I’ve been thinking a lot about the evolution of my music taste since I was young. I’m kind of at that weird age where I don’t feel quite like a kid but I definitely don’t feel like a grown up yet (or do we always feel that way?). I found myself listening to a lot of the old post-hardcore and punk music I liked back in the day, like The Early November and Circa Survive, but wanting something more; Like all of that old stuff should’ve grown up with me.
A Brief History of Math Rock (From My Perspective)
Turns out I wasn’t the only one dusting off old Saves the Day vinyls, and there were such bands out there. Emo revivalists like Tigers Jaw and Cymbals Eat Guitars grew with fans of the genre, and took it back to its very roots. On the more experimental and technical side of the spectrum, math rock was born. Gone was any sense of rhythm, and in its place choppy, neurotic riffs and breakdowns that enthrall you as you try to follow along. Pioneers like This Town Needs Guns (TTNG) and Enemies take a departure from the norm and and ask their listeners to think mathematically, to break the songs apart, and to reveal their complexities.
The history of math rock goes back way farther than post-hardcore or midwest emo, with roots in everything from jazz to prog rock and all the way back to 70s punk. You can read more about the history of math rock (from a real journalistic perspective) here.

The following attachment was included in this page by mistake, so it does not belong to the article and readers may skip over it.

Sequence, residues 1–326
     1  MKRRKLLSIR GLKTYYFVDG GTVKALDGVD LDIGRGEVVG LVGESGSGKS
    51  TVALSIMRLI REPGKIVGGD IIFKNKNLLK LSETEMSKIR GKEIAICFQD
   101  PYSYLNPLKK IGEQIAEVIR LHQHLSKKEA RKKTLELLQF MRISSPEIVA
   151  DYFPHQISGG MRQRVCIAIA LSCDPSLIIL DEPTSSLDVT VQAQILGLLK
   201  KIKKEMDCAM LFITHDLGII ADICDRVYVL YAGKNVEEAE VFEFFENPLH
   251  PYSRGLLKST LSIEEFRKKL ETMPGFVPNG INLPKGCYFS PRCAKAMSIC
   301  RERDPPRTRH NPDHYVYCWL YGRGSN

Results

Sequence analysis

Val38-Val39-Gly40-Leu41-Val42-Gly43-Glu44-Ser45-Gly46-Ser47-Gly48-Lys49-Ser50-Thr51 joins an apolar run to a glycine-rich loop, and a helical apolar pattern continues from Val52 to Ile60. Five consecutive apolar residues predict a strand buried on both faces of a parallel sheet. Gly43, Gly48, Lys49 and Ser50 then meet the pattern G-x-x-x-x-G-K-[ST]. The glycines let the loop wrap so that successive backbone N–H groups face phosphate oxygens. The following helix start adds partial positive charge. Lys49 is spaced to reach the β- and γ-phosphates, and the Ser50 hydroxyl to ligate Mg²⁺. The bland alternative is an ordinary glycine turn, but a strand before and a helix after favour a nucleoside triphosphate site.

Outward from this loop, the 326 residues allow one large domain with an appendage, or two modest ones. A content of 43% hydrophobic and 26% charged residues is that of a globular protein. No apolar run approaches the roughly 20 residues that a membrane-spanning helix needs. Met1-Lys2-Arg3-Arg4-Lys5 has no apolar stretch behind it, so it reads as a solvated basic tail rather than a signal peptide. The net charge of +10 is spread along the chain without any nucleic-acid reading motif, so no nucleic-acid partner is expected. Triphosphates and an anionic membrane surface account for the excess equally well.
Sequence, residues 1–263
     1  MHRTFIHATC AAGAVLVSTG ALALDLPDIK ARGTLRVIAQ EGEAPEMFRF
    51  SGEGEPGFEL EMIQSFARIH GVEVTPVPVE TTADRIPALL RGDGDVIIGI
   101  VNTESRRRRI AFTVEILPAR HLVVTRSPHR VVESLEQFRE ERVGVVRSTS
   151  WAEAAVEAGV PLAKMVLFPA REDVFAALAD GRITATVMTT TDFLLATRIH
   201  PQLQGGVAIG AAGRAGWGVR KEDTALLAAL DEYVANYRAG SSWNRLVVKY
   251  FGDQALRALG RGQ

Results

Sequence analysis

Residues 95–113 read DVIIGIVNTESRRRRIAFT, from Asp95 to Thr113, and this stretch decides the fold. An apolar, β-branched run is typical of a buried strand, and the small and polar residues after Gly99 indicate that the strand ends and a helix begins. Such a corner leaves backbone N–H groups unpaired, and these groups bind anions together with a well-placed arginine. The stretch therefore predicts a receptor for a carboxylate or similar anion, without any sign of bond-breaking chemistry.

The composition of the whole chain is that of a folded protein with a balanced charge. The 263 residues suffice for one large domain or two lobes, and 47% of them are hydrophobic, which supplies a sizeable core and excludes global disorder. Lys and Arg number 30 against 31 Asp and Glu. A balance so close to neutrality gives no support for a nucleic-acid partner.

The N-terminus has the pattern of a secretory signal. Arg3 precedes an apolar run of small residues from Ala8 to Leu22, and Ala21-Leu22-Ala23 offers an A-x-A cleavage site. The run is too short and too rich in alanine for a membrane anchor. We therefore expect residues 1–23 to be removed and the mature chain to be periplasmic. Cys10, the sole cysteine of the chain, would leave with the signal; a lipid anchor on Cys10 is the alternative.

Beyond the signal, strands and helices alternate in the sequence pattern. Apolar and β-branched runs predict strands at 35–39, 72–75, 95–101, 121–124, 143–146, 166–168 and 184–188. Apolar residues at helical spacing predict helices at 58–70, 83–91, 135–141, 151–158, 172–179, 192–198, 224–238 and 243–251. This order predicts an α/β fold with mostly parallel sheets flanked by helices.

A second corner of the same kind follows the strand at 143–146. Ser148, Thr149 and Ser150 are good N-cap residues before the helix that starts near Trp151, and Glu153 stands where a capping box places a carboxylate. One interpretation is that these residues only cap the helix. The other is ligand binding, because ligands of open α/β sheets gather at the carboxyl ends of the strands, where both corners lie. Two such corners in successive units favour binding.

…And Then There Was Tera Melos
Math Rock seemed like it had no rules. Then Tera Melos invented something all their own. Noisy, messy, twisted, and absolutely thrilling. Seeing them live is better than my already-high expectations. The eccentric time signatures and hypnotic electronics coupled with the rage of punk make for an unpredictable and fascinating show; The kind of performance where you don’t know if you should be dancing or staring in awe.
Due to its many influences, math rock shows always attract an eclectic and diverse group of people. But everyone there is on the same vibration; Drunk as hell, feeling groovy, and totally enraptured by the musical mastery.
Sprang Break Forever
Chon takes the stage. Framed by fake fluorescent palm trees, they introduce us to spring break on acid. Hints of reggae compliment jazzy melodies and progressive distortions, from slow, almost glowing, melodies to choppy breakdowns. The neon lights, the barbie trees, the summer ambiance — it all works together. Like their theme implies, they ride the turbulent waves of their nonsensical rhythm.
Chon is smoother around the edges than Tera Melos, but develops throughout the set, playing beachside bangers followed by deep, reverberating soundscapes. The packed crowd keeps up, going from a bouncing and swaying mass to a frenzy of flying limbs.
Their tour follows the June release of their second full-length album, “Homey,” a more laid-back, jauntier direction than the punkier tracks of previous albums. Songs like “Feel This Way” are more electronic than rock, almost to the likes of Pretty Lights. While I’m not entirely satisfied with the direction they’ve headed, “Homey” is still high on my list of summer jams.
The Southern California-natives brings the west coast to the east. They give us an intricate work of art, radiating the emotions of San Diego summers. It’s chill to listen to, explosive to dance to, and complex enough to make me step back and appreciate the brilliant minds that are carving their own path in the future of math rock.